Saturday, October 08, 2011

The Ugly Broad Ditch

Gotthold Ephriam Lessing (1729-81) is famous for a great many things, one being the authorship of the trenchant phrase, "the ugly broad ditch which I cannot get across."

Lessing's "broad ugly ditch" concerns the supposed jump Christian theology must make from the accidental truths of history to the necessary truths of reason. He writes: "If on historical grounds I have no objection to the statement that Christ raised to life a dead man; must I therefore accept it as true that God has a Son that is of the same essence as Himself?" Lessing's solution to the problem of the ugly broad ditch is not to base the deep truths of religion on the contingent facts of history, but rather to reverse the situation and find in history an exemplification of the deepest truths of religion. These truths are ultimately grounded not in history but in personal experience. Lessing compares his solution to geometry: "Is the situation such that 'I should hold a geometrical theorem to be true not because it can be demonstrated, but because it can be found in Euclid'?" The truths of Christianity are to history as the theorems of Euclid are to Euclid. History no more grounds Christian truth than Euclid grounds geometrical truth.

A distinction used among twentieth-century philosophers gets at the issue about which Lessing is concerned. We must distinguish the context of the origination of a putative truth from its context of justification. Just because probability theory originated among men of rather unsavory reputation playing in the Italian casinos does not mean that probability theory is somehow incorrect. Truth claims must be justified in the logical space of reason, not by an appeal to external historical circumstances. The context of origination (or discovery) of a truth simply is logically independent from the context of its justification. To confuse the two is to commit the genetic fallacy, to claim that an argument is unsound on the basis of the one giving it (and the purposes for which it is given), rather than on the basis of the evidence for the premises and the validity of the reasoning.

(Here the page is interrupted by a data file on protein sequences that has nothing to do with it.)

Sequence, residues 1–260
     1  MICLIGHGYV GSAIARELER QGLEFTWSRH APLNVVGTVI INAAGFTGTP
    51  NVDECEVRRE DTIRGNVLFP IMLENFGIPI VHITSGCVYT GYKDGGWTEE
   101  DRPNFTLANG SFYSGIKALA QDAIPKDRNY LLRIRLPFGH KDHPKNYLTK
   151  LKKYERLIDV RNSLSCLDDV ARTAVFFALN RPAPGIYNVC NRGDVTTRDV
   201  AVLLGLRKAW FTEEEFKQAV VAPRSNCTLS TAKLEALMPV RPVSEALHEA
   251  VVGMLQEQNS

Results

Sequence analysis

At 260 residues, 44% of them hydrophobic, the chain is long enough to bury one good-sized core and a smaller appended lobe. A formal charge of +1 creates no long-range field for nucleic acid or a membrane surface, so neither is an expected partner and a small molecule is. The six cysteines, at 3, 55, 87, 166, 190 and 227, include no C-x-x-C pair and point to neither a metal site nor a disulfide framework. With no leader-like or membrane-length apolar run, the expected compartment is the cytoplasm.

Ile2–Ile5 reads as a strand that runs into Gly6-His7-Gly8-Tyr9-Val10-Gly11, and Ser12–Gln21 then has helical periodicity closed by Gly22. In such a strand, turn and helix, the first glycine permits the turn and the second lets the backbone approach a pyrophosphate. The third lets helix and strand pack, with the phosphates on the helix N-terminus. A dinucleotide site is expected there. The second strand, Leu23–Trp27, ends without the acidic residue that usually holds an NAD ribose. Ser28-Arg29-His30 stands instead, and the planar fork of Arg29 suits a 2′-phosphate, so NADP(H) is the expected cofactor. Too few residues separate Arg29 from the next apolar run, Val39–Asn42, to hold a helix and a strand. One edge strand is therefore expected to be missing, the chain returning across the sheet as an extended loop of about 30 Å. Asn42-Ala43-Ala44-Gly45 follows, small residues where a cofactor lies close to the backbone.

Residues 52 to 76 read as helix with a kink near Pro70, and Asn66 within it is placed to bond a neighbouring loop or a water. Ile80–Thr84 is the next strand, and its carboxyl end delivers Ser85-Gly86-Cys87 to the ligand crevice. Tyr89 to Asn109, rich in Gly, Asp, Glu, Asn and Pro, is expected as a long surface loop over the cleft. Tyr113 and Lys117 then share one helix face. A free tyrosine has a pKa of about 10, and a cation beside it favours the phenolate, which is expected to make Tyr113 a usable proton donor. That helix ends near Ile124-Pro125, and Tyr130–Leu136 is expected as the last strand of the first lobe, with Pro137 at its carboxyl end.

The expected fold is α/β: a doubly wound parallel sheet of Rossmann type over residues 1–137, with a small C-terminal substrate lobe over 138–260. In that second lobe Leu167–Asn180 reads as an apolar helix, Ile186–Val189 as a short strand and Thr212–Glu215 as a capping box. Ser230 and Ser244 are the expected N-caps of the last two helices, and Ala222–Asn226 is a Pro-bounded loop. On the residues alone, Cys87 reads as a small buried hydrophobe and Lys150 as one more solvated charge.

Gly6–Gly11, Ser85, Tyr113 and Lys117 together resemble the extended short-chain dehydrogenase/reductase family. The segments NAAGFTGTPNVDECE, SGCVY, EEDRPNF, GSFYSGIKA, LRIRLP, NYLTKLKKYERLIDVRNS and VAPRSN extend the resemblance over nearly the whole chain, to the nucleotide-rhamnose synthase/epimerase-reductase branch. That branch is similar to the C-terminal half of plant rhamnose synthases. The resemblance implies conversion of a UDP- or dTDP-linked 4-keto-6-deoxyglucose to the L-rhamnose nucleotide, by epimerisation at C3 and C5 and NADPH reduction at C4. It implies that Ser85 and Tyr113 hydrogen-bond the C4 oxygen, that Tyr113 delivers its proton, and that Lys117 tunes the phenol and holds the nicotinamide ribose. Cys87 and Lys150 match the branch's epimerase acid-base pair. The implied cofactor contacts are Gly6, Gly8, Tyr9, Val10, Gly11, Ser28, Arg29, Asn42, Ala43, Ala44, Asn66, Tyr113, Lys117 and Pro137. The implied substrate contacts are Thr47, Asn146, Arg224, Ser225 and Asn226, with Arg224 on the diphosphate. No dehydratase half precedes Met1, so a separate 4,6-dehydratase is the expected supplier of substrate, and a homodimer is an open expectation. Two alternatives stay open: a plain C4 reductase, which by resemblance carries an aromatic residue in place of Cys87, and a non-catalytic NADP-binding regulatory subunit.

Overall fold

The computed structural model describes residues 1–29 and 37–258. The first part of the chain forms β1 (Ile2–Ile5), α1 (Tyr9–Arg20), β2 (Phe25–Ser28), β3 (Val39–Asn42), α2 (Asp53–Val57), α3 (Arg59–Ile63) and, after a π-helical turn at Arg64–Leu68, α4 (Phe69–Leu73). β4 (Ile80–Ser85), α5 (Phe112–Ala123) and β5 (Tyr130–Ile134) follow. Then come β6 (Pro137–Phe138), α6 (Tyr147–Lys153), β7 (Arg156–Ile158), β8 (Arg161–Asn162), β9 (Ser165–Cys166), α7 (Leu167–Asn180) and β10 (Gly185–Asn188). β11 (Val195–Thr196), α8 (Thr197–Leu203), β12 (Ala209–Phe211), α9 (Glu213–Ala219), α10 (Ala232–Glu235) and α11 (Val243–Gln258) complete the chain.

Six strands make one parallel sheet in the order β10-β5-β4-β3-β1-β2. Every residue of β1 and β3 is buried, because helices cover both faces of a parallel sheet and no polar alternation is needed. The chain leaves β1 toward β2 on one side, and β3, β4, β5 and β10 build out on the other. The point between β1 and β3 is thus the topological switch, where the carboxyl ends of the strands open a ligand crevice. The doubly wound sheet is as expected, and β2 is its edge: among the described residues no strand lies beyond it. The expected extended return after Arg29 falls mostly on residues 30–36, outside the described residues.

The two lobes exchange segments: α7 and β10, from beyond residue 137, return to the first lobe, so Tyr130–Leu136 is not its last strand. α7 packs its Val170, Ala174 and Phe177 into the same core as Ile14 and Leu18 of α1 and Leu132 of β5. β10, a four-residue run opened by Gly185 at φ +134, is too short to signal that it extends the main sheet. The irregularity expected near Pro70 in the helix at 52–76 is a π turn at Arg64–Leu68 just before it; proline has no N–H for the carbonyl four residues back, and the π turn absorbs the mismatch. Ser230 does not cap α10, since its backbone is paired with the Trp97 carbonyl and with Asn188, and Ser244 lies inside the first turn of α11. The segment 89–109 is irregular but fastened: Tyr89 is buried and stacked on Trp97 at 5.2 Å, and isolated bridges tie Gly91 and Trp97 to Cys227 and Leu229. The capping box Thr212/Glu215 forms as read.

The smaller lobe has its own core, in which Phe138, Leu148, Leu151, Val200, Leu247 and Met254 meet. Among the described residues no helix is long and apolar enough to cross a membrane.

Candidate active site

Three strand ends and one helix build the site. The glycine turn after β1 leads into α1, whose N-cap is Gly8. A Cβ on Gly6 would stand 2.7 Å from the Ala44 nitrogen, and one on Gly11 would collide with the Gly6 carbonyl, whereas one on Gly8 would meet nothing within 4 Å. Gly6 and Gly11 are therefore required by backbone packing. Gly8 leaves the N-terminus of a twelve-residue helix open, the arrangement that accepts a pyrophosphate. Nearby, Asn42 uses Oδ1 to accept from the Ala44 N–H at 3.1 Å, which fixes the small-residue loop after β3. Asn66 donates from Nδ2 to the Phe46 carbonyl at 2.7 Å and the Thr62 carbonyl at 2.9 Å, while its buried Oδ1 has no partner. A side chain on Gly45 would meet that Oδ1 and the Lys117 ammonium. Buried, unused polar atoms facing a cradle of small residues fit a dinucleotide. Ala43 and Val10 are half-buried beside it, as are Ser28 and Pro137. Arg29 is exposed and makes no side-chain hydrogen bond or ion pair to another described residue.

Lessing's claim is thus that the "ugly broad ditch" of logical independence separates the context of the origination of Christian truth from the context of its justification, and that this "ugly ditch" is, in effect, necessary to prevent one from committing the genetic fallacy. Christian truth must stand on its own legs; it must not be dependent upon who said what when. Reflecting a bit on this, one realizes that the problematic of the "ugly ditch" forces one to take a position on revelation: what is it for God to "disclose" to us truth that we could not have grasped by free exercise of our insight?

Specifically, we must inquire as to whether revelation is best conceived as external, contingent and accidental, or whether we might understand it to be somehow internal, necessary and reasonable? (I am using "necessary" here in the sense of Lessing, and not making a modal claim.) This question as to the "location" of revelation goes right to the heart of the matter, I believe, and how one answers it determines who one's theological comrades are and, indeed, even potentially what century one lives in theologically. For Lutheran Orthodoxy, there could be no question of the "place" of revelation. It is indeed external; the formal norm of Scripture establishes the material norm of Christ, and both norm theological reflection. For denizens of the heady world of nineteenth century post-Kantian theology, revelation's "place" cannot be external because there can in principle be no bridging of the ditch on that assumption. The contingency of the Biblical text, the contingency of history, the contingency of the Christian tradition all mitigate against a successful justification of the most profound truth of all of life.